Posted on July 21st 2017
Yesterday, on the last day of the Parliamentary Term, the Government released a lot of news they did not want scrutinised. Hidden among this cache were the changes to the Immigration Rules intended to implement the ruling in the Supreme Court case of MM & Ors v SSHD  UKSC 10. These changes are intended to address the failings in the old Rules identified by the court.
The judgment called on the Government to change the Rules so that the best interests of affected children are given primary consideration in decisions, and recommended that alternative sources of income be taken into account where the British spouse does not earn enough themselves to meet the £18,600 minimum. This was in order to make sure that any refusal is not a disproportionate interference with the right to private and family life under Article 8 of the European Convention on Human Rights.
Since 2012, British Citizens and UK residents who want to live the in the UK with a non-EEA foreign spouse must demonstrate that they earn a minimum in £18,600 a year. This amount increases with every non-British citizen child included in the application. In MM it was argued that this requirement was unlawful and breached the human rights of those separated from loved ones just because they didn’t earn enough money.
In the five months since MM 5,000 applications were put on hold in the interim, with those families left in limbo. The Government has only now put forward its proposed changes. While in some ways they are an improvement on the old system, we have serious concerns about the way in which these changes have been written and how they may be implemented by Home Office staff.
The new Rules will take effect from 10 August 2017. We would expect that those cases that have been put on hold will start to be decided at that point, though it could take some time to work through the backlog.
What did the MM judgment require?
You can read our detailed analysis of MM here, but in brief the Supreme Court found that:
- The Rules must be changed so that they explicitly require caseworkers to take into account, as a primary consideration, the best interests of any child affected when making the decision;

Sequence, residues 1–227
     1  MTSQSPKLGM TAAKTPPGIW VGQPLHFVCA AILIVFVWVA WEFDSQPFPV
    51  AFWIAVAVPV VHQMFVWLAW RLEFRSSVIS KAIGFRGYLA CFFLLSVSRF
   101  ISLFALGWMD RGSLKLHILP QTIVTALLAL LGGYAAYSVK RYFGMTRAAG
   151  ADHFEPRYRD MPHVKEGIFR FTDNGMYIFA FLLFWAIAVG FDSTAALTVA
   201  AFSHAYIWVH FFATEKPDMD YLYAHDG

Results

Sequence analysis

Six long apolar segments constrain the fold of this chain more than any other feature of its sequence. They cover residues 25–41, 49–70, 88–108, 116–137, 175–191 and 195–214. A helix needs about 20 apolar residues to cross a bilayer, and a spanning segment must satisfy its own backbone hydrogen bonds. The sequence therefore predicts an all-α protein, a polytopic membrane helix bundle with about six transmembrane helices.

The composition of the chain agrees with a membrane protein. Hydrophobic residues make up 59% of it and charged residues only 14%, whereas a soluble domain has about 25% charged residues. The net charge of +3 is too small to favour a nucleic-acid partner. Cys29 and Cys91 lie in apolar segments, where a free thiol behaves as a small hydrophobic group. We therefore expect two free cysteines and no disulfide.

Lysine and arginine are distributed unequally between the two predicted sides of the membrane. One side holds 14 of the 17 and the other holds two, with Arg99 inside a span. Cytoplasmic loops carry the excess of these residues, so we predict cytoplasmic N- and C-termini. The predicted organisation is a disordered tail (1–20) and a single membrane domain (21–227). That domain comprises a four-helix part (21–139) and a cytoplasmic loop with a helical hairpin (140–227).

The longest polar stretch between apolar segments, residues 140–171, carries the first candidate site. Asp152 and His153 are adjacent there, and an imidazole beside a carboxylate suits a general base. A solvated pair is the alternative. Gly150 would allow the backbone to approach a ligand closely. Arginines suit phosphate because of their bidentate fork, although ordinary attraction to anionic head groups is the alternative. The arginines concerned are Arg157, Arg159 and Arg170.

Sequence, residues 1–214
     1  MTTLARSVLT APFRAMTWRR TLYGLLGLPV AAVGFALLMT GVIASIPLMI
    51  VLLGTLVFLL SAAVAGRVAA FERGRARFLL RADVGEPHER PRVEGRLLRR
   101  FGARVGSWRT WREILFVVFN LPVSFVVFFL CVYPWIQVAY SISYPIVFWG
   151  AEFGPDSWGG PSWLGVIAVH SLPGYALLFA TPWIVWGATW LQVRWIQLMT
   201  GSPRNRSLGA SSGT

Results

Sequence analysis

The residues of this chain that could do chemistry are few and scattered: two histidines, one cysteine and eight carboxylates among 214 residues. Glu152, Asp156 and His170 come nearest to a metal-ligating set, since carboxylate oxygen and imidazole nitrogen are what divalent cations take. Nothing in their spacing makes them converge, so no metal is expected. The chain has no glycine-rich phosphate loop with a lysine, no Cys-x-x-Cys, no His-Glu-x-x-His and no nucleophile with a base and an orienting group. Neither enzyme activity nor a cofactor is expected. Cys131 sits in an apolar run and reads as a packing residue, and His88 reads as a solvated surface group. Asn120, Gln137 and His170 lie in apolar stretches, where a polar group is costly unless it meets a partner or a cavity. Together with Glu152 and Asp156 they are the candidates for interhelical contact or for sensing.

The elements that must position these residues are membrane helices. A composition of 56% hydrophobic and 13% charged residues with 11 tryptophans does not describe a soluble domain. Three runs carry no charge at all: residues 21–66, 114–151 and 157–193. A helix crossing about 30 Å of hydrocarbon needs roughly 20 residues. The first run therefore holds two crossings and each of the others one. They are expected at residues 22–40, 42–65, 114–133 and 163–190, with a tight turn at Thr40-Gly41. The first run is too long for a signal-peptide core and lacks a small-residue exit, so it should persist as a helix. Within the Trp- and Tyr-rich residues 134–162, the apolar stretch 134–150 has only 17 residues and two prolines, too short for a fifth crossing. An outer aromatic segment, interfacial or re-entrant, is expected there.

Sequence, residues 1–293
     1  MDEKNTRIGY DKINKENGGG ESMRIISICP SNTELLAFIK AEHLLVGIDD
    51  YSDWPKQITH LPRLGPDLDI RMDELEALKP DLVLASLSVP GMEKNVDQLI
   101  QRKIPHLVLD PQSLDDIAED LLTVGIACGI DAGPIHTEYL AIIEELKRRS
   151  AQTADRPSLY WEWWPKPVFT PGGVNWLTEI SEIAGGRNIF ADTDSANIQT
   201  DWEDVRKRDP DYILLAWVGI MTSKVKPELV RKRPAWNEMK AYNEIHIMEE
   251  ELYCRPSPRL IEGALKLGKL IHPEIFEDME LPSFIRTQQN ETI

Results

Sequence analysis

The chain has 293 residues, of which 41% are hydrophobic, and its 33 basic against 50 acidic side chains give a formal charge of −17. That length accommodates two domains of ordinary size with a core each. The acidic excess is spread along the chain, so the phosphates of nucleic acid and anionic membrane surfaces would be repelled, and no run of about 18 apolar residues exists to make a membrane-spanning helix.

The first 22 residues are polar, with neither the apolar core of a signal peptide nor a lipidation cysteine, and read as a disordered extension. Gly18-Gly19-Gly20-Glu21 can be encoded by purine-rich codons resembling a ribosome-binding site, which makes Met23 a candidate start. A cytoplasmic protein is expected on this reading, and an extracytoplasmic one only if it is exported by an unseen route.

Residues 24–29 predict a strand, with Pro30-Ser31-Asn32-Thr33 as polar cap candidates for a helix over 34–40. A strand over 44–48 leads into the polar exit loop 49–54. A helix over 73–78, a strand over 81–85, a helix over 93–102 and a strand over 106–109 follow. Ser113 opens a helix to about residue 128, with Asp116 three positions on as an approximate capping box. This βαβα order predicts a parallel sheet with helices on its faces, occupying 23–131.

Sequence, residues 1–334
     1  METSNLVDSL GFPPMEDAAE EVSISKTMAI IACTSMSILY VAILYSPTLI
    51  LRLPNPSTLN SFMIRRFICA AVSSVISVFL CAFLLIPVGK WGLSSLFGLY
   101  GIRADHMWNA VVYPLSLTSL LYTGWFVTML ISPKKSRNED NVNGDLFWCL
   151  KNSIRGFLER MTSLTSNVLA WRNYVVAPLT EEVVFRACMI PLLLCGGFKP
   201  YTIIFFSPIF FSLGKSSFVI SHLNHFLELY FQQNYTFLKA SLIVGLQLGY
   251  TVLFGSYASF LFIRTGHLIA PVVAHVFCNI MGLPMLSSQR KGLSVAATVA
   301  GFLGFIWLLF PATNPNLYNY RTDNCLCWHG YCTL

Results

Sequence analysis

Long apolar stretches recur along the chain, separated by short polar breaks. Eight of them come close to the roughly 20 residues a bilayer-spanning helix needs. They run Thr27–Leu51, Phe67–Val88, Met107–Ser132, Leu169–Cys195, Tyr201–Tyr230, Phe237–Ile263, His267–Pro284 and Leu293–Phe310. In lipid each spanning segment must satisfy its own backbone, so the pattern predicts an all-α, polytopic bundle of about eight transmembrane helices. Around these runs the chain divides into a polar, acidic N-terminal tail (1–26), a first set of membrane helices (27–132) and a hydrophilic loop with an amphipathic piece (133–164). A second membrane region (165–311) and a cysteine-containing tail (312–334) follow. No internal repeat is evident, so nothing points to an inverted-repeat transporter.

- The Rules or guidance to caseworkers must be amended to allow them to take into account alternate sources of income when someone does not meet the income threshold.
The Key Changes
The new Rules have been set out in the traditionally incomprehensible way that the Home Secretary chooses to make such changes. They exist here in the form of a series of insertions, deletions and amendments to the already complex Appendix FM. Here, we pick out some of the key changes made in order to explain how they are structured in a simple and accessible way. Detailed legal analysis will follow from us once the guidance (Instructions) is published. This could be in August.
Our general concern is that these rules remain unnecessarily complex and place a lot of discretion at the hands of Home Office staff, and could be applied in a very haphazard way. Much will depend on the wording of the new Instructions.
Best Interests of Children
The new Rules have inserted a general obligation for Home Office staff, when considering an application that does not otherwise meet the requirements of the Rules, to take into account as a primary consideration the best interests of any child affected by the decision (‘relevant child’). A relevant child is one under the age of 18 for whom it is ‘evident’ from the information provided that they would be affected by a refusal. This could be a child in the UK, or a child abroad.
In MM, JCWI intervened alongside the Children’s Commissioner to argue that the old Rules did not adequately consider the best interests of children. The court agreed with our assessment and ruled that they must be changed to properly reflect the legal duty the Home Secretary owes to children.